Paula Deen Uncovers Family Secrets on 'Who Do You Think You Are?' Season Finale: Recap

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On the season finale of "Who Do You Think You Are?" the Food Network's Paula Deen traces her southern heritage and finds some surprising truths. Like the best shows of the season, her journey is full of twists and turns as she learned family secrets.

Her journey begins with a visit to her Aunt Peggy in Albany,Georgia. From her, she learns about her mother's side of the family, the Pauls, who have lived in Lee County for generations. Aunt Peggy shows her a death certificate for her great-grandfather, John Liddle Paul, which reveals his parents' names.

At the Georgia State Archives in Morrow, she meets with genealogist Nathan Matthews. He helps her use Ancestry.com to uncover information about her great-grandfather, who was living with his own grandfather in order to attend school. That ancestor, her great-great-great-grandfather John Batts, was a plantation owner who represented Lee County in both the state house and state senate.

Looking for more, Deen travels to the state capital, where a historian points her towards an article revealing that her three times great-grandfather supported the pro-slavery candidate John Breckenridge for president against Abraham Lincoln and, furthermore, owned 35 slaves.

As someone who had always bragged that her family had nothing to do with slavery, Deen was understandably shocked and saddened. She sought more information from historian Rachel Shelton in Athens, Georgia, who helped her find information on the military records of relative William Batts, who was the son of John Batts, who served in the Confederate Army. An early letter showed that William optimistically believed the war would be over in two months. A later letter described difficult winter conditions in poor facilities, expressing his fears he would not return. A further letter talked about the pain he suffered upon being shot, and he asked his family to remember him well. This was the final letter from the front.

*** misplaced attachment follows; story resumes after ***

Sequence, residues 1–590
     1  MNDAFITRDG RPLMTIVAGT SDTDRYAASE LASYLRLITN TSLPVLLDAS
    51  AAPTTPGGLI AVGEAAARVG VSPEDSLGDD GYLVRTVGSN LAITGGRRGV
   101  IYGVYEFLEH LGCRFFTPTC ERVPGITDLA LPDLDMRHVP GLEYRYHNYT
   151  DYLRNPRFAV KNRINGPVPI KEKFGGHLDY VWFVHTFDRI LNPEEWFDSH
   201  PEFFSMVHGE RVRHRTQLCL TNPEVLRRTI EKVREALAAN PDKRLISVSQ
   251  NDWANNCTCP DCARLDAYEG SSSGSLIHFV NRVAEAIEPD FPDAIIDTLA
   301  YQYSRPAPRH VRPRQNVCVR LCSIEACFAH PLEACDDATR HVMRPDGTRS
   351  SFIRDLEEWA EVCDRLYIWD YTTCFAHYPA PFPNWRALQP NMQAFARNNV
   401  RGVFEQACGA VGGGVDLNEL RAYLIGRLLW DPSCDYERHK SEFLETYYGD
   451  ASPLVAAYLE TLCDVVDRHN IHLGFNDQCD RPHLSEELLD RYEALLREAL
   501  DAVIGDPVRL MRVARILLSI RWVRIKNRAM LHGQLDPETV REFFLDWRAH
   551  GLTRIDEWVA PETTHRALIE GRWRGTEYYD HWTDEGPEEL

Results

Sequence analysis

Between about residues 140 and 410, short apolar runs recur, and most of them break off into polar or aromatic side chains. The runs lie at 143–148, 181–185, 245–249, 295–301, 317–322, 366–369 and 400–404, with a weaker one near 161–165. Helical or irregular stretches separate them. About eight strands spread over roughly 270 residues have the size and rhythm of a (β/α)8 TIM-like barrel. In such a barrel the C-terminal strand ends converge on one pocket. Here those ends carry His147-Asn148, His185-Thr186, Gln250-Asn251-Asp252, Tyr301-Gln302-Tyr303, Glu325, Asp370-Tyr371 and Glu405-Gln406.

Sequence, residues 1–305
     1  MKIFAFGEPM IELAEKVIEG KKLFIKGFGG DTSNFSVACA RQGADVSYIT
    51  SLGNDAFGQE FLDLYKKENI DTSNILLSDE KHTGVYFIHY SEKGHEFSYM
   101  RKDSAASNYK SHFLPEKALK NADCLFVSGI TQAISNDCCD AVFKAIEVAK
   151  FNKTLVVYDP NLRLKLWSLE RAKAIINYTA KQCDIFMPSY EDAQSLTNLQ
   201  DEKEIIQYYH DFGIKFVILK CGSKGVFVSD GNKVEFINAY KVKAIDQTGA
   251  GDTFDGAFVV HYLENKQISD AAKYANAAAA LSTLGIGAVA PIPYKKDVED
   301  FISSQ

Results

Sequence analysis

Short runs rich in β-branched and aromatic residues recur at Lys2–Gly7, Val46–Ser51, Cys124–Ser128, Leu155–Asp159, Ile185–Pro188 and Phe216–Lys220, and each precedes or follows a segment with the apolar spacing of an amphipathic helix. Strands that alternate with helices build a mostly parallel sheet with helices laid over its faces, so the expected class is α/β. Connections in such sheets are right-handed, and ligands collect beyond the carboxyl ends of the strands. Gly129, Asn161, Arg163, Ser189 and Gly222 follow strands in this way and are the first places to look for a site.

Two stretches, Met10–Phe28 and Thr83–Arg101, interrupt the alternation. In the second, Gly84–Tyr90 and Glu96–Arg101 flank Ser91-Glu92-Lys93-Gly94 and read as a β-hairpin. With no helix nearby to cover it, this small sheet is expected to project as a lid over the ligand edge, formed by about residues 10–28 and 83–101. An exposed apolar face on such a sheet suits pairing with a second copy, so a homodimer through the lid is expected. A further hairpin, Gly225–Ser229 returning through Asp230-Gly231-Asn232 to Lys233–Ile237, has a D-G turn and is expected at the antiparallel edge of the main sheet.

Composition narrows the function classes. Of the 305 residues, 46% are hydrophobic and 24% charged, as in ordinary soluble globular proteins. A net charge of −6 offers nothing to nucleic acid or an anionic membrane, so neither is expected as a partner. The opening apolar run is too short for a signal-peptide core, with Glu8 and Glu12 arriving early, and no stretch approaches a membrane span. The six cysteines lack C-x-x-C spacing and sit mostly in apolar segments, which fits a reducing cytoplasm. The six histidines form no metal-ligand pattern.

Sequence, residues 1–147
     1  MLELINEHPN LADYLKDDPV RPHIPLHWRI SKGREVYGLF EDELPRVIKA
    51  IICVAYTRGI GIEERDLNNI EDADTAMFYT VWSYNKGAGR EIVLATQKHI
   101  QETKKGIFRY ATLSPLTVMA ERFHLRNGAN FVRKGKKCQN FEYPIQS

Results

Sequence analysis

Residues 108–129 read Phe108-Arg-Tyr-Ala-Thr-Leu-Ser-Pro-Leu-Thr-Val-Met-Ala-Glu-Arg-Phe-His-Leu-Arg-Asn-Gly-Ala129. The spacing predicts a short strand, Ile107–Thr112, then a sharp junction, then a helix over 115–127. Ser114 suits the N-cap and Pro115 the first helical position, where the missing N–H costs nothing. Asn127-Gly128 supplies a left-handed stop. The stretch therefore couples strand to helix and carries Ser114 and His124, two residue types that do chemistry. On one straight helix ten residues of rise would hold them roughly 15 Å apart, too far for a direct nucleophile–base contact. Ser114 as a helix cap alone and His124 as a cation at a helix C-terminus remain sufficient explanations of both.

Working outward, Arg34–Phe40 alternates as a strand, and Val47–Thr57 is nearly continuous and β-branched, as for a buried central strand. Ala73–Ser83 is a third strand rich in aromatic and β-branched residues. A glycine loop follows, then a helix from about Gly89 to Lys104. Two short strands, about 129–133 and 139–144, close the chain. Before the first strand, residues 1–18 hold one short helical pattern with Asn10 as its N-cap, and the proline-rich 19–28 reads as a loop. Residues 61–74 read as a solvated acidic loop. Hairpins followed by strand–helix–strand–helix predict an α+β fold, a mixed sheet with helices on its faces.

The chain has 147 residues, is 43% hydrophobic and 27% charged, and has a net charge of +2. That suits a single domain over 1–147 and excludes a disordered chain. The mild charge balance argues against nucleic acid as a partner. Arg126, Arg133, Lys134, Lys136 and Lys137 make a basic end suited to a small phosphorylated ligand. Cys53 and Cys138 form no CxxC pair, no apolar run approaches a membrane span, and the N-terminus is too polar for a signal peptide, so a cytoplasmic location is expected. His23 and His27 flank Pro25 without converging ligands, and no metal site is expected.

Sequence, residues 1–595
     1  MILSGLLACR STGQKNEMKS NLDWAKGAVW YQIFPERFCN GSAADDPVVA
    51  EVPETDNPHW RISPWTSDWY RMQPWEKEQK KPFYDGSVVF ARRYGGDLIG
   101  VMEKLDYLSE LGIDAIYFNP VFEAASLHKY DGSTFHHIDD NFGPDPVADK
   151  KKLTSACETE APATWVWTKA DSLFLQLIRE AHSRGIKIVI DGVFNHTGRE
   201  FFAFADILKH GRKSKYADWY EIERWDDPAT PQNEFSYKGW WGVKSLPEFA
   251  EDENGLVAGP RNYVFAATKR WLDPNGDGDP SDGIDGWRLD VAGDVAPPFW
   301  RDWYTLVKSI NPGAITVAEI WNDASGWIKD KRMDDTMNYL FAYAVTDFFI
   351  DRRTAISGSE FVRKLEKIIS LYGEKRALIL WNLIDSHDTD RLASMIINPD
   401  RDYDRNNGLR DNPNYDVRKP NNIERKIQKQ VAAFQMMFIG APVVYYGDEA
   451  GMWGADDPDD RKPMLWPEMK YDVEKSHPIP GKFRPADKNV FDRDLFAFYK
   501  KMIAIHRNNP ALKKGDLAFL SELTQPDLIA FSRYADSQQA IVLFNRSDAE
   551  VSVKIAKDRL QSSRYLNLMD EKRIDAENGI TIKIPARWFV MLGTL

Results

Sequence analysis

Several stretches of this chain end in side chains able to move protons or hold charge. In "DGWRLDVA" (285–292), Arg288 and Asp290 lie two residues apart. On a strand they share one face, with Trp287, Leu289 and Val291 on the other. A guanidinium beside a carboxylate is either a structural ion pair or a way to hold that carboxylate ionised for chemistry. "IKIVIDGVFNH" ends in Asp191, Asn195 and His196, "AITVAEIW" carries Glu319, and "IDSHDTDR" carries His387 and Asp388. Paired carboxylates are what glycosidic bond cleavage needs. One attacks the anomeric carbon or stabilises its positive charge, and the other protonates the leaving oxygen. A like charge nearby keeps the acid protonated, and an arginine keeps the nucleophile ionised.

A letter from William's commanding officer, three months after he'd been wounded, revealing that "Billy Batts" and another man had been killed in battle and were "buried as soldiers" without coffins. This news made her tear up. A further letter from the commanding officer's wife revealed that John Batts did not take the news of William's death well but was happy that "Billy" died at his post and was brave.

Deen asked Shelton what would have happened to her family after the south lost, who pointed her towards the Web site fold3, which contains historic military records. They found a petition from John Batts, who applied for a pardon, since the southern rebels had been considered traitors. While President Andrew Johnson, who took over after President Abraham Lincoln was shot, provided a blanket pardon for most Southerners, the large plantation owners had been required to submit petitions for individual pardons. In his petition, John Batts detailed that he had freed his slaves and was now paying them fair wages.

For more information on how her ancestor might have fared in the Reconstruction, Shelton suggested she speak to an economic historian. This took Deen to Emory University, to meet with historian Dr. James Roark. He described how devastated the South had been following the war but showed her a tax document with information on values of her ancestor's plantation, to make a chart that compared the data. She learned that he did fine until 1873, when there was a massive depression that cut his profits precipitously. By 1879 he had died, and the nearly worthless plantation passed to his widow, Mary.

A further document gave her answers about his death: he committed suicide. A newspaper clipping revealed the information, saying he had shot himself in the head, having shown evidence of mental depression for months. She suspected that, of all the hardships he faced, the loss of his son was probably the hardest.

With this sobering information at hand, Deen retraced the path of her ancestors, visiting the site of her ancestor's plantation near Smithville, where she herself was raised. The house was missing, and she discovered only a pile of bricks within a beautiful, tree-fringed field. "I'm hoping there were a lot of happy times in that house with children and grandchildren," she said.

Returning home, she related her journey to her own sons, Jamie and Bobby, what she had learned. She reiterated that she was shocked to learn about the connection to slavery but "you cannot change the past," only what you learn from it.

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